About this Research Topic
Intercellular communication is essential for regulating immunity and extracellular vesicles (EVs) are emerging as key mediators of this process. EVs like exosomes, microvesicles and apoptotic bodies are membrane-bound vesicles that can be released by both immune and non-immune cells. Although different types of EVs vary greatly in size (30 nm to 5 μm in diameter) and their mechanism of formation, it is now well established that the cellular contents in/on EVs (e.g. antigens, cytokines, membrane proteins and microRNAs) can regulate a variety of immune responses including antigen presentation, immune activation and suppression. Besides mammalian cells, bacteria, fungi and parasites can also release EVs to modulate the host immune response.
The field of EVs is a rapidly growing area of research, with the identification of new types of EVs, expansion on the cell types or organisms that could release EVs and their functions, as well as the development of novel approaches to study EVs. This Research Topic will give a comprehensive overview of the cutting-edge discoveries in this field. We seek articles that address, but are not limited to, the following topics:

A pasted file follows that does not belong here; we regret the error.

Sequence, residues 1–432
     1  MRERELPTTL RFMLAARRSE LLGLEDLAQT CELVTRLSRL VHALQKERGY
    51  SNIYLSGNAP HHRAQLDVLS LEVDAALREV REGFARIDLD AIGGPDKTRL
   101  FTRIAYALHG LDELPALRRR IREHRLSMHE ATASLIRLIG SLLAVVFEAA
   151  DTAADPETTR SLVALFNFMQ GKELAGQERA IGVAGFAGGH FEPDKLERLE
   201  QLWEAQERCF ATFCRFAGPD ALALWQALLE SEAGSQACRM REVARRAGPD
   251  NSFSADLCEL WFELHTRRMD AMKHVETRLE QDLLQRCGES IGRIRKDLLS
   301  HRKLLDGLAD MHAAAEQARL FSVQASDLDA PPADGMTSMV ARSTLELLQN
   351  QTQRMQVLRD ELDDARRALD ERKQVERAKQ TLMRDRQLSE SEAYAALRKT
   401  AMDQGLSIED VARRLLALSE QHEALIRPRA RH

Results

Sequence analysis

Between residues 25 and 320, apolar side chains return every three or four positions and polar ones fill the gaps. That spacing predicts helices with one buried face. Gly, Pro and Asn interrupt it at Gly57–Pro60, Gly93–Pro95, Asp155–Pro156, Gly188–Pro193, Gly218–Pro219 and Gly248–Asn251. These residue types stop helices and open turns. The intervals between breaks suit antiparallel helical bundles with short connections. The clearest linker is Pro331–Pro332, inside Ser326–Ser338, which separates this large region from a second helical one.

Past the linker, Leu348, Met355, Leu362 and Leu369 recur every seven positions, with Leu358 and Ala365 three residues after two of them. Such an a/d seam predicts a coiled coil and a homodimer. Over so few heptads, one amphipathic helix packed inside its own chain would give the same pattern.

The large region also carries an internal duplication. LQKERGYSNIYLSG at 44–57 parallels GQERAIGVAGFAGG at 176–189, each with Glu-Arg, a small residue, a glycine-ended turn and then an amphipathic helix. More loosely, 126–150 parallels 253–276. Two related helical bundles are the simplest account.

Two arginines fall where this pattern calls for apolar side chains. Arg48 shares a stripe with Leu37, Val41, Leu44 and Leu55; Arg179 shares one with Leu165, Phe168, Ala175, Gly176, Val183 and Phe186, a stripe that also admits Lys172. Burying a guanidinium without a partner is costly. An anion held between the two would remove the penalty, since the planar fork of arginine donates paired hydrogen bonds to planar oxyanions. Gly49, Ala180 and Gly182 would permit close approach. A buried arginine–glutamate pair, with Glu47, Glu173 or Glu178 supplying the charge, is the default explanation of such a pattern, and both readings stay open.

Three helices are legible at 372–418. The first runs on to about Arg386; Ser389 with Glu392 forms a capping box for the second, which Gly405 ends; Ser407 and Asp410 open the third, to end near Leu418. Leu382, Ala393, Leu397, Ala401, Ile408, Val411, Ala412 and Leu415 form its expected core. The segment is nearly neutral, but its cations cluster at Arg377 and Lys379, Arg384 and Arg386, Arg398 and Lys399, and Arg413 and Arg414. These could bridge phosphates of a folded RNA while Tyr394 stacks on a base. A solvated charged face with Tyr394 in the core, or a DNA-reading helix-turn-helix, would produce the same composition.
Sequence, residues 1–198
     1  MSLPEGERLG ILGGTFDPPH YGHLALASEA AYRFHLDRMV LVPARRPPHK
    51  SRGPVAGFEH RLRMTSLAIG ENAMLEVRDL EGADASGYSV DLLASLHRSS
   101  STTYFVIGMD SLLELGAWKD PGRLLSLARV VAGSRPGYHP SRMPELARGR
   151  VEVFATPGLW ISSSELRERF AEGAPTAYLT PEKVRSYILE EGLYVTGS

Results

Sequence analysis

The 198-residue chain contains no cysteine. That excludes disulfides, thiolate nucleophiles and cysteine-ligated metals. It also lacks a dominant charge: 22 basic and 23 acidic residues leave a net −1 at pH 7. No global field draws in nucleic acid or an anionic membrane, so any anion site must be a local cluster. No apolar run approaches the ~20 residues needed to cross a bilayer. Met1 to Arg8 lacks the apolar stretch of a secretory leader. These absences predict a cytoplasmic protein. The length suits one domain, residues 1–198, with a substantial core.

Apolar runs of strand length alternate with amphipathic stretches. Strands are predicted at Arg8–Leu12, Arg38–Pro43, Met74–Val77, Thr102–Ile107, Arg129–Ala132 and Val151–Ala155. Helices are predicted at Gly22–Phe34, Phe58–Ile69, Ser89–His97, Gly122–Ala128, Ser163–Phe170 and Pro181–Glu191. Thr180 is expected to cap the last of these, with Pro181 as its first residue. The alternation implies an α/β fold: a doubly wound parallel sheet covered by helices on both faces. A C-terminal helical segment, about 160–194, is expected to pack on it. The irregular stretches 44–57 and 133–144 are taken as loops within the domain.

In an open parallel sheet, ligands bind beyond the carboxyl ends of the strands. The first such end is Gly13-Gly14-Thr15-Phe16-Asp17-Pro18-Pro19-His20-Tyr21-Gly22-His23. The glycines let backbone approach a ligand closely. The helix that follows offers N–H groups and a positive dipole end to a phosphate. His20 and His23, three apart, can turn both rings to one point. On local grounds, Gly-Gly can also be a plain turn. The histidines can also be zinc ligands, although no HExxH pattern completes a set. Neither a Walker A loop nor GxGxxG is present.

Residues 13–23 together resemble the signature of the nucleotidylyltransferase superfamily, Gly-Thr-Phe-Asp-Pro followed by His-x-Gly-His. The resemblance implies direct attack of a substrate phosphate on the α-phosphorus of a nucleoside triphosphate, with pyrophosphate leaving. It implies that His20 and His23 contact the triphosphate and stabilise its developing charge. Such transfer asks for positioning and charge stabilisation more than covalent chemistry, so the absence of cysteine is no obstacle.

1. Immunoregulatory properties of EVs released from both immune and non-immune cells.
2. EVs released by bacteria, fungi and parasites, and their effects on the immune response.
3. State-of-the-art methods for studying EVs in immune regulation.
We welcome researchers to submit Original Research, Review, Opinion and Methods articles focusing on these topics.
Important Note: All contributions to this Research Topic must be within the scope of the section and journal to which they are submitted, as defined in their mission statements. Frontiers reserves the right to guide an out-of-scope manuscript to a more suitable section or journal at any stage of peer review.